I REFER to the article on the success of Sheep Day in the June 29 edition of the Craven Herald. My view is quite the opposite. We arrived about 1.30pm and the High Street was very quiet.

No “big crowds” – you provide a lovely photo showing the crowd watching the sheep shearing show, but that did not reflect the overall attendance at the overall Sheep Day event in the early afternoon. From my observations it was certainly a lot quieter than previous years events.

My view is that it is supposed to be a small town country fair designed to show off local crafts, demonstrations of old skills, charities, local community groups and farming activities. Sadly it is overwhelmed with sad commercial stalls selling chintzy rubbish. Followed by bizarre and over priced food outlets.

I ask myself why there was nothing in the Town Hall, surely the focal point of the town?

Where was the Skipton Community Orchestra Concert? surely in the absence of availability of the usual church as the venue, it could have taken place in the Town Hall arena.

How times change. For the very first Sheep Day day back in 2000 it was reported “Mayor Richard Colley said a meeting was held and it was likely that the event would be repeated next year. "It was a good country day with no commercialisation." I was there that day and could not agree more.

By 2.30pm some stalls were packing up for the day.

I would also question the chosen date. As I recall for many years the Sheep Day was always the first Sunday in July. Why the change this year? Perhaps this is why the streets were quiet with people thinking it was on next week!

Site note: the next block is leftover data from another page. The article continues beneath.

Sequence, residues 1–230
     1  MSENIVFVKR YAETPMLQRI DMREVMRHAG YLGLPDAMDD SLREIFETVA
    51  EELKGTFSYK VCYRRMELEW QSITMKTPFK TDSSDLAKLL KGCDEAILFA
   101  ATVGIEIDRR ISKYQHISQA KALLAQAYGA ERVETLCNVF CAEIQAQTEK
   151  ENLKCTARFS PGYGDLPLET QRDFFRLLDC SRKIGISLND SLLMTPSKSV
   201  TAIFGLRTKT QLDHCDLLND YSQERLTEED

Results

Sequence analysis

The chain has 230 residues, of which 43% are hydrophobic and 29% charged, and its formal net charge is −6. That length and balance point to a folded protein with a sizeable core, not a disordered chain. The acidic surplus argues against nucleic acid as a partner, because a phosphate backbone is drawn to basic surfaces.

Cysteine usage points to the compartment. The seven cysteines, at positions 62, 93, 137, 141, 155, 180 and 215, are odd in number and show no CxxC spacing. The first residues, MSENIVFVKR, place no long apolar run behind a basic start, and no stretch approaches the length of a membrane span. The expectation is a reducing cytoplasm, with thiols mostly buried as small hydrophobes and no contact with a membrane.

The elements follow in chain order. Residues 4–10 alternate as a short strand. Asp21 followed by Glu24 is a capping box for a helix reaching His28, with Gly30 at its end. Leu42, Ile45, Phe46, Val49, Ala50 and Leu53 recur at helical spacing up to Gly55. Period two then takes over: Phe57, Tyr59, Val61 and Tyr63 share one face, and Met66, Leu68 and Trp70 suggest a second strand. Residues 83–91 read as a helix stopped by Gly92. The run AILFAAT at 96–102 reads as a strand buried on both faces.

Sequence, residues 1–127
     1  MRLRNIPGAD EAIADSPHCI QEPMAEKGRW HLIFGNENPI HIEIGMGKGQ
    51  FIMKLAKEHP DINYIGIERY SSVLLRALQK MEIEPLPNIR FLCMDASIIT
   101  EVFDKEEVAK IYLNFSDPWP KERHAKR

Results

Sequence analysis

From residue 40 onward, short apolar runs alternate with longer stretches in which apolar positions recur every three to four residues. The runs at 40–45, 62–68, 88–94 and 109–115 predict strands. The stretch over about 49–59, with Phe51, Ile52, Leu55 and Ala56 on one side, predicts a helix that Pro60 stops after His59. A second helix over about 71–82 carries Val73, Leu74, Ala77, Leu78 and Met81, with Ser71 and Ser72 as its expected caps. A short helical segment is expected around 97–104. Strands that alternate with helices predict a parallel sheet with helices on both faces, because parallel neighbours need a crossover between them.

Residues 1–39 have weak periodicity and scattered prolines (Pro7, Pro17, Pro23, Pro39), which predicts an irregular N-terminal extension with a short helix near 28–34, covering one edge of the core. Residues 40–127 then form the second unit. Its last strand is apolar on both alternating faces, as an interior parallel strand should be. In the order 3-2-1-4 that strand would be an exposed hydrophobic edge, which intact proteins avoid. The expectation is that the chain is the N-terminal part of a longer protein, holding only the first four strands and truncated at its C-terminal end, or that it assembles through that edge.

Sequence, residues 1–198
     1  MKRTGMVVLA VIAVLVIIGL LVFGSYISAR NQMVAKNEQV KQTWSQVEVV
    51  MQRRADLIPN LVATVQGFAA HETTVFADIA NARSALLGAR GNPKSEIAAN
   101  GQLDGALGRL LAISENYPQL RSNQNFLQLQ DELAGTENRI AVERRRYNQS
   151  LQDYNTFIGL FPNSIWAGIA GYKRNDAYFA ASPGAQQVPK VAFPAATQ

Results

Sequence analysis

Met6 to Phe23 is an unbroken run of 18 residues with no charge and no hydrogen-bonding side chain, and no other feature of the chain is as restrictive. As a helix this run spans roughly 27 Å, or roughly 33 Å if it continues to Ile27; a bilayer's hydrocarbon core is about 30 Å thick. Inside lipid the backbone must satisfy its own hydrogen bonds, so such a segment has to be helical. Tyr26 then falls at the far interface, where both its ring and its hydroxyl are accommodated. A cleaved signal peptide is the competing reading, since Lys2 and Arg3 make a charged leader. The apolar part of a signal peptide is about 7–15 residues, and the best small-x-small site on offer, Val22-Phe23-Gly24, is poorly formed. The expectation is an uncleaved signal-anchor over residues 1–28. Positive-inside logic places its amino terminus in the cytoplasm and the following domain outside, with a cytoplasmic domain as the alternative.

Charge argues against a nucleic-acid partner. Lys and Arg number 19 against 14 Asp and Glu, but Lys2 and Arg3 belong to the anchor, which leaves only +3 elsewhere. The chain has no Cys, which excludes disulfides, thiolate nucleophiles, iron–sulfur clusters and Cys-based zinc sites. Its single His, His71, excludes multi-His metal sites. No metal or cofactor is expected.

The concept and content of the event needs a serious re-think for next year.


John Stolarczyk

Cross Hills


In response, Louise Close, chief officer, Skipton Town Council, thanked Mr Stolarczyk for his feedback, and added: "I am yet to receive exact footfall numbers for the High Street, but early indication shows that we received a large footfall to the event and the area was certainly not quiet until the rain arrived later in the afternoon.

All our traders are picked using a scoring matrix. The highest scores being given for local and hand crafted. This was in abundance and many of the food stalls again being local restaurants and traders. Having just attended the Scottish Game Fair in Perth and compared food prices, the traders at the Sheep Show were certainly less than the prices of larger events and catering establishments.

This was also reflected at the Canal Basin where the Real Food Market was trading.

The Town Hall was hosting ‘Yarndale’ on the same day as Sheep day and Skipton Brass band were playing on the High Street.

We had one exhibitor who left at 3pm and started packing up at 2.30pm. The weather was very hot, and the animals had been petted most of the day. Speaking with the owners we decided that it was in their best interests that they left early, I totally supported this and arranged for them to leave.

No other trader packed away until 4pm, when the rain came, and the High street was emptied very quickly.

Sheep day, in 2017 and up until 2019 was the first weekend in July; however, in 2020 it was changed to coincide with Armed Forces Day.

The end of Armed forces day falls on the last Sunday in June. Because we live in such troubled times, the regiment struggle to provide a full military presence for a full day on their own, therefore the decisions was taken back then to join the two events up and create a full day."